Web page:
Alibaba Group Holding Ltd - ADR BABA finished a news-packed week on a low note Friday and was down about 9.5% following reports that billionaire Jack Ma is giving up control of Ant Financial.
What Happened? Earlier this week, Alibaba shares briefly rallied on news the company plans to duel list its shares in Hong Kong by the end of 2022.
The stock tanked Friday following a report by the Wall Street Journal that regulators in China have pushed Ma to cede control of Alibaba affiliate Ant Financial.
Later Friday, the Securities and Exchange Commission said Alibaba is one on a list of Chinese companies that could be delisted, according to Reuters, adding to the stock's woes.
Why It's Important: The ouster of Ma is just the latest in more than a year of relentless crackdowns on Alibaba and Ma by Chinese authorities, seemingly to reduce Ma's influence and power. The crackdown began in late 2020 when regulators halted Ant Financial's $34-billion initial public offering after Ma made public commentary critical of regulatory restrictions in China.
Ma doesn't hold an executive role at Ant or sit on the company's board, but he does hold a 50.52% ownership stake. Alibaba holds a 32.65% ownership stake in Ant. Ant is in the process of restructuring its business into a financial holding company in the hopes the Chinese government will eventually approve its IPO application.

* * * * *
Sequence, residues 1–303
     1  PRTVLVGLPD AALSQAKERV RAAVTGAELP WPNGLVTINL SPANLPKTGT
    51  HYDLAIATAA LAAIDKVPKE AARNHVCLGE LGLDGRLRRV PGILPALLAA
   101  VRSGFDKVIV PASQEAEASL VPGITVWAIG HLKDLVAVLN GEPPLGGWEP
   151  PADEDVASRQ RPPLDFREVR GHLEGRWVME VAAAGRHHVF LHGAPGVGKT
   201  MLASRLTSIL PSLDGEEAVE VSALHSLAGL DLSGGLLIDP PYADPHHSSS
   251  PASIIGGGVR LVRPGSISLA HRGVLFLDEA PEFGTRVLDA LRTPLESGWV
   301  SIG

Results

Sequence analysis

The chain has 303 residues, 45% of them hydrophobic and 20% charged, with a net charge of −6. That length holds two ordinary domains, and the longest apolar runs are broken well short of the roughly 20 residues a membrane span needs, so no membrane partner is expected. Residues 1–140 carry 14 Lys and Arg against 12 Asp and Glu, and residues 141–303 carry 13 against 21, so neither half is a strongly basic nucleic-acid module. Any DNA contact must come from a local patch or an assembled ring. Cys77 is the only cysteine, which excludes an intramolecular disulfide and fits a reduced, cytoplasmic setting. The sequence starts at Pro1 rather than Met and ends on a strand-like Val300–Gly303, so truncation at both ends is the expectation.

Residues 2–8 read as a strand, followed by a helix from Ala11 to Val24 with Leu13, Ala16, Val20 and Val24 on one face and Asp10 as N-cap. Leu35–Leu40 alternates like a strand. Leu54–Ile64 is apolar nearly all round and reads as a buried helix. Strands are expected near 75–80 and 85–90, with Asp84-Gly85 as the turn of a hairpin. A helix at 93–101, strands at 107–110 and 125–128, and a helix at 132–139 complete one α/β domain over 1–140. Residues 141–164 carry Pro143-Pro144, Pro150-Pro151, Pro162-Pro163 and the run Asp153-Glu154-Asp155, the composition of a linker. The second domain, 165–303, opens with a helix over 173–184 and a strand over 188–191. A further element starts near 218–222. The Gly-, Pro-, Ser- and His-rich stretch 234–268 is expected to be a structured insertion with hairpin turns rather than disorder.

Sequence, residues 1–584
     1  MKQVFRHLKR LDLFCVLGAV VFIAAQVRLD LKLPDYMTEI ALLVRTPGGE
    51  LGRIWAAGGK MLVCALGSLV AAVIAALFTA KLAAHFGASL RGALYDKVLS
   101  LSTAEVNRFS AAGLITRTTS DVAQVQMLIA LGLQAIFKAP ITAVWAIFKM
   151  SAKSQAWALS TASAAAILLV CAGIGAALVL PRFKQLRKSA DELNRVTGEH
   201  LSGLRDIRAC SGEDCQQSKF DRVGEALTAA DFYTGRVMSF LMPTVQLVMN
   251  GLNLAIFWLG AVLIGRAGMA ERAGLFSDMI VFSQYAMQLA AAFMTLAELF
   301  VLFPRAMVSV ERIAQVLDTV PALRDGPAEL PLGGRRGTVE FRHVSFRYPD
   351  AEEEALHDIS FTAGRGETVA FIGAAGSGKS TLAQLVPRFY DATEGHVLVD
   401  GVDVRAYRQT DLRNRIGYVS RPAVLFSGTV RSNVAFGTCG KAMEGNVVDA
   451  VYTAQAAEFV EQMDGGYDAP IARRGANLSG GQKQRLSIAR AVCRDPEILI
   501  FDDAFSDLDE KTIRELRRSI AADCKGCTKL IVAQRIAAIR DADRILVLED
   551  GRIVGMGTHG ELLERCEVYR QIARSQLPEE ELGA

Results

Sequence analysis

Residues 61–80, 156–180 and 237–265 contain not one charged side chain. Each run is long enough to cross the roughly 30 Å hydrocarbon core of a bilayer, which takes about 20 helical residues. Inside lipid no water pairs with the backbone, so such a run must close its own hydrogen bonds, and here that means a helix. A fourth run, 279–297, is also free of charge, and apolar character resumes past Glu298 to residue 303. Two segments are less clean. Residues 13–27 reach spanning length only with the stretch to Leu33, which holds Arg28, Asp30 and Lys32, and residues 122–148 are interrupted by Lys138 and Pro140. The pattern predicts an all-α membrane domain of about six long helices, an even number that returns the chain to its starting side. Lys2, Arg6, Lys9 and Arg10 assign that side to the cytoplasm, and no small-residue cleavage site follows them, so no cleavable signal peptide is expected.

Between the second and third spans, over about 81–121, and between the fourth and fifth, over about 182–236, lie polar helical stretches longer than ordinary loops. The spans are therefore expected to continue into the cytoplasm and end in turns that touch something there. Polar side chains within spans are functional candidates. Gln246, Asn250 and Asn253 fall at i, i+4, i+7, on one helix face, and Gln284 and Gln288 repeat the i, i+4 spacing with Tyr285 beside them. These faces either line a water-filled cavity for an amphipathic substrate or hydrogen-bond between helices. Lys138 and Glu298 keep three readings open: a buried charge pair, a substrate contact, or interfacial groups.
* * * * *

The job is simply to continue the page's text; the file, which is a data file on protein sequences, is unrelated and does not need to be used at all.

To make matters worse for Alibaba and other Chinese stocks Friday, the Chinese government has enacted yet another lockdown of a Wuhan district this week following four asymptomatic cases of COVID-19. The Jiangxia district is home to nearly 1 million people.
On Friday, DataTrek Research co-founder Nicholas Colas said U.S. investors considering investing in any Chinese stock should examine the Alibaba case closely.
"The saga of Ant Financial’s efforts to go public is a good case study in how differently Chinese capital markets operate versus the rest of the world," Colas said.
He said an Ant Financial IPO may now be years away if it ever happens at all.
"The holding company restructuring puts Ant in a regulatory holding pattern of 1-3 years depending on whether it lists in Hong Kong or Shanghai, respectively," he said.
Benzinga's Take: It's very difficult to make a case for investing in Alibaba or any other large Chinese tech companies when the Chinese government itself has seemingly become their biggest enemy. The Chinese Communist Party appears to have prioritized political power over economic growth and innovation, a strategy that makes Chinese stocks unappealing to international investors.
Alibaba co-founder Jack Ma. Benzinga file photo by Dustin Blitchok.
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